Is the signing of the tripartite Gorkhaland Territorial Administration (GTA) agreement the end of the around 3 decades old Gorkhaland problem? Or is it a signal step towards the formation of a separate Gorkhaland state?
West Bengal Chief Minister Miss Mamata Banerjee and Union Home Minister Mr. P. Chidambaram have clearly said that there is no question of accepting any proposal to divide Bengal. The GTA agreement has been signed only to boost development in the Darjeeling area (as if it was impossible without this agreement), and not to smoothen any process to divide Bengal that has already faced the brunt of division once at the time of India’s partition in 1947.
Significantly, during the signing of the agreement, Gorkha Janmukti Morcha (GJM) supremo Mr. Bimal Gurung also did not utter a single word about the demand for a separate Gorkhaland state (though he did not categorically say that they have dropped that demand, either).
All this may be taken as a sign that the GTA has been successful in placating the grievances/feeling of discrimination/etc. of the so called sons of the soil (sorry, all of these local people are not indigenous to Darjeeling), and now they are no more interested in having a separate Gorkhaland state.
However, the matter might not be that simple. While Bimal Gurung himself did not say anything about Gorkhaland demand, the occasion saw many of his supporters raising slogans like “We Want Gorkhaland”. More importantly, on the sidelines of the signing of the agreement, a couple of GJM leaders told journalists that the GTA agreement was not going to put an end to the struggle for Gorkhand state. Rather that demand will very much remain in place, and in fact that is their ultimate goal.
I feel before the signing of the GTA agreement Mamata Banerjee should have got an official assurance from the GJM leadership that after the agreement they would drop their Gorkhaland demand. That (or something like that) would have been a better thing to do. Unfortunately, Mamata did not bother to do anything like that in a hurry to get the agreement signed and claim credit for resolving a long-standing issue.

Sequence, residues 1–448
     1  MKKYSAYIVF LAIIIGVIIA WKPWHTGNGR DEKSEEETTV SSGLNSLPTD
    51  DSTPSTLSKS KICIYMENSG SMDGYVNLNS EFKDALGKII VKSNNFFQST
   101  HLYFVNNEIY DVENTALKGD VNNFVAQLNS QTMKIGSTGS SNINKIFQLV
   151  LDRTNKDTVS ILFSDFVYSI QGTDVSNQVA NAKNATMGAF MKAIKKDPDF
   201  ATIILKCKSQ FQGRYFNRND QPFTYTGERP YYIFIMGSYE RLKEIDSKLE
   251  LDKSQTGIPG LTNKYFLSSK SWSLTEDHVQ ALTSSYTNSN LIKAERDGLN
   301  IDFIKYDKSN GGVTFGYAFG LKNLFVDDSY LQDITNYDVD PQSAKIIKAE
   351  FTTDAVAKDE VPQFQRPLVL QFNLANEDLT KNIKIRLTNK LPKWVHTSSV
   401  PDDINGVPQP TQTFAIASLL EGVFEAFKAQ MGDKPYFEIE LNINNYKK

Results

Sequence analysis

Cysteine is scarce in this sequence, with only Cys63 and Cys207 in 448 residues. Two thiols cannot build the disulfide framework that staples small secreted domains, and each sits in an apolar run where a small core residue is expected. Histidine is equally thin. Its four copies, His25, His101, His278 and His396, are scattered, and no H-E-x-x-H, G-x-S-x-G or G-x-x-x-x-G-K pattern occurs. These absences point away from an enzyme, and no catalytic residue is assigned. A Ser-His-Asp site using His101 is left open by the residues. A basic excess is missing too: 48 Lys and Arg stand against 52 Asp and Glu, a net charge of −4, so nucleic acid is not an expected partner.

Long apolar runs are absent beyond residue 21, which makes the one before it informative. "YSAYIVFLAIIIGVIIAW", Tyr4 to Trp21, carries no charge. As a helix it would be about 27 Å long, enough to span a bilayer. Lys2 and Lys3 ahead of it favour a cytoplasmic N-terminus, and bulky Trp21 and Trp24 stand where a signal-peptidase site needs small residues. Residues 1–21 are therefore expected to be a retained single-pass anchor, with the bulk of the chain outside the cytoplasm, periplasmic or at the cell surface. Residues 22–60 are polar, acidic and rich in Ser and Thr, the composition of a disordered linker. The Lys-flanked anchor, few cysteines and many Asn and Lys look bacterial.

Anyways, I feel that immediately the West Bengal government and GJM should jointly issue a media statement, wherein they will clarify their stand and view on this. Otherwise there will be room for rumours and false hopes, which is not very appreciable. The common people want to know the truth, and they must be told the truth. It is a sensitive issue, and there must not be any confusion over anything.
And yes, GJM must drop its demand to bring Nepali-speaking parts of Dooars and Terai under GTA. This is simply too much.
Finally, a bagful of congratulations to my friends, brothers and sisters of Darjeeling for getting an autonomous body for themselves. I may not appreciate the idea of Gorkhaland. I may be uncomfortable even with the signing of GTA agreement. But I certainly appreciate the grievances/ethnical sentiments, etc. that have made you support the Gorkhaland movement. (It is only that I feel that Gorkhaland is not a must to address your demands and aspirations.) I sincerely wish that GTA becomes successful in addressing your grievances, demands and aspirations. And yes, I also hope that GTA pays equal focus on the development of every ethnic community (the Gorkhas, the Lepchas, the Bhutias, etc.), instead of remaining obsessed with one or two community/communities.
Darjeeling has always lied very close to our (Bengalis) heart, and we will keep loving this beautiful place (and its inhabitants) whether it remains under the West Bengal government or GTA or any other entity. An average Bengali’s bonding with Darjeeling is purely emotional, which has nothing to do with the political status of that place. We will always love Darjeeling. And we will always love and adore the people of Darjeeling, even if they perceive us as their enemy, or even oppressor.
And, sorry to say, for us Darjeeling will always remain Darjeeling, and not Gorkhaland. Never!